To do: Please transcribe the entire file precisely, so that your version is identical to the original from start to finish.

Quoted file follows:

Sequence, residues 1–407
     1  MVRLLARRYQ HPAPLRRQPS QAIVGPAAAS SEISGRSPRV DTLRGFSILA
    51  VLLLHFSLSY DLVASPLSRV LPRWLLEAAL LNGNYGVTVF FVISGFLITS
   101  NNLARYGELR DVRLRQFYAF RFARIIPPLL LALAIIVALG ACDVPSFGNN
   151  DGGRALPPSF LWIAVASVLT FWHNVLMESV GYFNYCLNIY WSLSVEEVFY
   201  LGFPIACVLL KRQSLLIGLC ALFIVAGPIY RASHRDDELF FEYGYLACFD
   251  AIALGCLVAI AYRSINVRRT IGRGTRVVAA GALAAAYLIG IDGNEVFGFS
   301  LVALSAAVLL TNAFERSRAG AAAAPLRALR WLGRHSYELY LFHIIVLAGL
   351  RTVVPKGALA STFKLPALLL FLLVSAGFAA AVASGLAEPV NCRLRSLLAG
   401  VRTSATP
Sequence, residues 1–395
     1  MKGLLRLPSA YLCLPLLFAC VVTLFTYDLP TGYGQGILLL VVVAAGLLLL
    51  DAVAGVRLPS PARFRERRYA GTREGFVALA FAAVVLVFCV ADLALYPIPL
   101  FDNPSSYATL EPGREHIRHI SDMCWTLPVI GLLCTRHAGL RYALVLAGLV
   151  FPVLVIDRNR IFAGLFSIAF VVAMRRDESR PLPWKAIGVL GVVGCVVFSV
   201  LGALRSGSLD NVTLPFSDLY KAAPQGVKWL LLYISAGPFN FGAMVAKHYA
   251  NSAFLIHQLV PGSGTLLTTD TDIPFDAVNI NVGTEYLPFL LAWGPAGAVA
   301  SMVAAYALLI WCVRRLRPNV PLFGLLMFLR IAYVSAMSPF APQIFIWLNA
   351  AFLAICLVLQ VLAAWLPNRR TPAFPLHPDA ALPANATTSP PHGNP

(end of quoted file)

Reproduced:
Sequence, residues 1–407
     1  MVRLLARRYQ HPAPLRRQPS QAIVGPAAAS SEISGRSPRV DTLRGFSILA
    51  VLLLHFSLSY DLVASPLSRV LPRWLLEAAL LNGNYGVTVF FVISGFLITS
   101  NNLARYGELR DVRLRQFYAF RFARIIPPLL LALAIIVALG ACDVPSFGNN
   151  DGGRALPPSF LWIAVASVLT FWHNVLMESV GYFNYCLNIY WSLSVEEVFY
   201  LGFPIACVLL KRQSLLIGLC ALFIVAGPIY RASHRDDELF FEYGYLACFD
   251  AIALGCLVAI AYRSINVRRT IGRGTRVVAA GALAAAYLIG IDGNEVFGFS
   301  LVALSAAVLL TNAFERSRAG AAAAPLRALR WLGRHSYELY LFHIIVLAGL
   351  RTVVPKGALA STFKLPALLL FLLVSAGFAA AVASGLAEPV NCRLRSLLAG
   401  VRTSATP
Sequence, residues 1–395
     1  MKGLLRLPSA YLCLPLLFAC VVTLFTYDLP TGYGQGILLL VVVAAGLLLL
    51  DAVAGVRLPS PARFRERRYA GTREGFVALA FAAVVLVFCV ADLALYPIPL
   101  FDNPSSYATL EPGREHIRHI SDMCWTLPVI GLLCTRHAGL RYALVLAGLV
   151  FPVLVIDRNR IFAGLFSIAF VVAMRRDESR PLPWKAIGVL GVVGCVVFSV
   201  LGALRSGSLD NVTLPFSDLY KAAPQGVKWL LLYISAGPFN FGAMVAKHYA
   251  NSAFLIHQLV PGSGTLLTTD TDIPFDAVNI NVGTEYLPFL LAWGPAGAVA
   301  SMVAAYALLI WCVRRLRPNV PLFGLLMFLR IAYVSAMSPF APQIFIWLNA
   351  AFLAICLVLQ VLAAWLPNRR TPAFPLHPDA ALPANATTSP PHGNP